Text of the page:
World’s largest U.S. flag will come to Derry this weekend | TribLIVE.com
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World’s largest U.S. flag will come to Derry this weekend

Patrick Varine
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Tribune-Review file
The world’s largest American flag, owned by Unity resident Ted Dorfman, was put on display in honor of the victims and rescue workers involved with the United Airlines Flight 93 crash in Shanksville in October 2001, and again on the first anniversary of the Sept. 11 attacks.
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Tribune-Review file
Gary Lamolinara, a Great American Flag Society Comittee member, walks alongside a massive American flag with his son Ean in 2001 in Jennerstown on the speedway grounds. Owned by Unity resident Ted Dorfman, it was put on display in honor of the victims and rescue workers involved with the United Airlines Flight 93 crash in Shanksville in October 2001, and again on the first anniversary of the Sept. 11 attacks.
1660104_web1_gtr-flag1-091219
Tribune-Review file
The world’s largest American flag, owned by Unity resident Ted Dorfman, was put on display in honor of the victims and rescue workers involved with the United Airlines Flight 93 crash in Shanksville in October 2001, and again on the first anniversary of the Sept. 11 attacks.

Impulse purchases will many times include little things like snacks, a pack of gum or a random item unexpectedly on sale.

But when Unity’s Ted Dorfman makes an impulse buy, he goes big: he bought the world’s largest American flag, a 400-foot-long behemoth that weighs 7 tons and requires its own trailer to travel.

“It’s a story of an unsupervised husband,” Dorfman said with a laugh. “I turned on the History Channel, and it was being auctioned off by Butterfield’s on eBay.”

Dorfman submitted a winning bid of $12,300, fittingly enough, on July 4, 2001. He now owns the Great American Flag — the massive banner Anchor Industries created from sail canvas in 1980. On Saturday, he’ll get it out to inspect it — with the help of a few hundred friends in Derry.

When he bought the flag in 2001, “veterans’ issues were a big concern to me and weren’t being addressed by our government,” said Dorfman, an Army veteran. “So my idea at the time was to tour the flag and draw attention to those issues.”

That tour never happened.

“It was a victim of its own size,” Dorfman said. In addition, less than a month after the flag was delivered to Dorfman, the Sept. 11, 2001, attacks occurred and the flag took on a whole new meaning.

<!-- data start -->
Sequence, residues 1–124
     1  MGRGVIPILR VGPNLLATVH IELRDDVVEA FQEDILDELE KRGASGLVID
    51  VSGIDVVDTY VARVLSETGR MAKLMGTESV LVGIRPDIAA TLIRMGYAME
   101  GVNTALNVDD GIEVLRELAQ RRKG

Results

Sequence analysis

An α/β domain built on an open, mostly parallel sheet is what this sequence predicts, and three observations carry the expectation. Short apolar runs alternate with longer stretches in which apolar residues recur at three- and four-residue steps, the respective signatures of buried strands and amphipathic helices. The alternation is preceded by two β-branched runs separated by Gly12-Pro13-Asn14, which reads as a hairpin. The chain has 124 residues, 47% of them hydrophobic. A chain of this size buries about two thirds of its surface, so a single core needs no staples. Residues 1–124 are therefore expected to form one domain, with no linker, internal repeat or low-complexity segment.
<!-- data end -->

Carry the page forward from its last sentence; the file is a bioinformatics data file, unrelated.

It was displayed at a memorial service for the victims of the Flight 93 crash near Shanksville, and came back out on the one-year anniversary of the attacks.

Moving and unfurling an 84,000-square-foot flag with stars about 13 feet tall is such a huge undertaking that Dorfman can count on one hand the number of times he’s seen it in its entirety.

Saturday’s unpacking will serve as an inspection, according to Dorfman and his son Josh, who has taken the lead for the Great American Flag Preservation Group, a nonprofit dedicated to keeping the flag in good condition.

“We really have no idea what to expect,” said Josh, 26, of Arlington, Va. “But we’re basically going to figure out what shape it’s in, and then figure out to get it back into good shape.”

Josh said he anticipates some fading, which can be fixed by dyeing.

The last time the flag was fully unfolded — at Jennerstown Speedway on the one-year anniversary of the Sept. 11 attacks — rainy weather necessitated an effort to dry it out before re-packing it.

“What I was told is that they literally had helicopters flying over it to dry it,” Josh said. “That’s the scale we’re talking about.”

The flag will be unfurled beginning at 10 a.m. Saturday at Advanced Carbide Grinding on Route 982 in Derry, where it will be stored.

“I’m friends with Ed Beck, the owner,” Dorfman said. “They’re going to store it, and he has just enough space in one of his fields to display it.”

The event is also heavily weather-dependent. If it rains, the flag will not be coming out, Dorfman said.

Workers from J.V. Rigging in New Kensington will join between 60 to 80 volunteers in opening the flag.

“We think we’ll probably have too many volunteers,” Josh said. “We don’t want to count our chickens before they’re hatched, but we’ve gotten a lot of positive feedback from the community.”

With the amount of effort being put into simply checking the flag’s condition, will it ever come back out again?

“We’d like it to be displayed at some prominent events in the next five to 10 years,” Josh said, citing the upcoming 20th anniversary of the Sept. 11 attacks in 2021, as well as the country’s 250th anniversary in 2026.

The public is invited to watch the inspection this weekend.

“It’s a jaw-dropping sight,” Dorfman said.

Patrick Varine is a Tribune-Review staff writer. You can contact Patrick at 724-850-2862, [email protected] or via Twitter .

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